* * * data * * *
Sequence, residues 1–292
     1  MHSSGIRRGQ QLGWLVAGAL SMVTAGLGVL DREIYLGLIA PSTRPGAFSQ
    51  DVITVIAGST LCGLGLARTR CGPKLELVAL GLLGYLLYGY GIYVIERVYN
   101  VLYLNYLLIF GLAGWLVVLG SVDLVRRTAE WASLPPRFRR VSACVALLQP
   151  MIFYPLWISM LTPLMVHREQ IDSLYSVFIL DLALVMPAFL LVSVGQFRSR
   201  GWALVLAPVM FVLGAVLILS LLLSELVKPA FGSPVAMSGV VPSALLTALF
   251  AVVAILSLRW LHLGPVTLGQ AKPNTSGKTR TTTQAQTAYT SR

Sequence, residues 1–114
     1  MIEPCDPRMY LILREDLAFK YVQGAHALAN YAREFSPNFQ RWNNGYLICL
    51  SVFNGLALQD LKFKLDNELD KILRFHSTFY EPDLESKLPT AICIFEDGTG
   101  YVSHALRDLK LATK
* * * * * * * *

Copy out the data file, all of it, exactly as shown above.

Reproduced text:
Sequence, residues 1–292
     1  MHSSGIRRGQ QLGWLVAGAL SMVTAGLGVL DREIYLGLIA PSTRPGAFSQ
    51  DVITVIAGST LCGLGLARTR CGPKLELVAL GLLGYLLYGY GIYVIERVYN
   101  VLYLNYLLIF GLAGWLVVLG SVDLVRRTAE WASLPPRFRR VSACVALLQP
   151  MIFYPLWISM LTPLMVHREQ IDSLYSVFIL DLALVMPAFL LVSVGQFRSR
   201  GWALVLAPVM FVLGAVLILS LLLSELVKPA FGSPVAMSGV VPSALLTALF
   251  AVVAILSLRW LHLGPVTLGQ AKPNTSGKTR TTTQAQTAYT SR

Sequence, residues 1–114
     1  MIEPCDPRMY LILREDLAFK YVQGAHALAN YAREFSPNFQ RWNNGYLICL
    51  SVFNGLALQD LKFKLDNELD KILRFHSTFY EPDLESKLPT AICIFEDGTG
   101  YVSHALRDLK LATK